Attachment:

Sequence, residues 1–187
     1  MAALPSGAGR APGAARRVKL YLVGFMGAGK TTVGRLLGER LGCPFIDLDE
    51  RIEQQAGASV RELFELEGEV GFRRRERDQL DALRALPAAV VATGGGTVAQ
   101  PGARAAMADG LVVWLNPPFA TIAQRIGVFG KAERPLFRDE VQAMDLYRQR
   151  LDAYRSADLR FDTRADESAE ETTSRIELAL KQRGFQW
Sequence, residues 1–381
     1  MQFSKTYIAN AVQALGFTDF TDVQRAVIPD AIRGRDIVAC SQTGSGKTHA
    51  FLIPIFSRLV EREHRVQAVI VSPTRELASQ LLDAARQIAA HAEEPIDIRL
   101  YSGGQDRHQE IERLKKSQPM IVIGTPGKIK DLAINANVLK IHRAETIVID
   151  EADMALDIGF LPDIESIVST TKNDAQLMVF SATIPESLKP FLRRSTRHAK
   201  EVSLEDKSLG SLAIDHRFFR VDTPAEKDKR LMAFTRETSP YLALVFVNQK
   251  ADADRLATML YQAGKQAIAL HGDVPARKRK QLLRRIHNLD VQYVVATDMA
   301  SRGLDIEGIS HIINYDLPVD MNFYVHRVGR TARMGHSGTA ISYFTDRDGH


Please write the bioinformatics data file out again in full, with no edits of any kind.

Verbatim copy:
Sequence, residues 1–187
     1  MAALPSGAGR APGAARRVKL YLVGFMGAGK TTVGRLLGER LGCPFIDLDE
    51  RIEQQAGASV RELFELEGEV GFRRRERDQL DALRALPAAV VATGGGTVAQ
   101  PGARAAMADG LVVWLNPPFA TIAQRIGVFG KAERPLFRDE VQAMDLYRQR
   151  LDAYRSADLR FDTRADESAE ETTSRIELAL KQRGFQW
Sequence, residues 1–381
     1  MQFSKTYIAN AVQALGFTDF TDVQRAVIPD AIRGRDIVAC SQTGSGKTHA
    51  FLIPIFSRLV EREHRVQAVI VSPTRELASQ LLDAARQIAA HAEEPIDIRL
   101  YSGGQDRHQE IERLKKSQPM IVIGTPGKIK DLAINANVLK IHRAETIVID
   151  EADMALDIGF LPDIESIVST TKNDAQLMVF SATIPESLKP FLRRSTRHAK
   201  EVSLEDKSLG SLAIDHRFFR VDTPAEKDKR LMAFTRETSP YLALVFVNQK
   251  ADADRLATML YQAGKQAIAL HGDVPARKRK QLLRRIHNLD VQYVVATDMA
   301  SRGLDIEGIS HIINYDLPVD MNFYVHRVGR TARMGHSGTA ISYFTDRDGH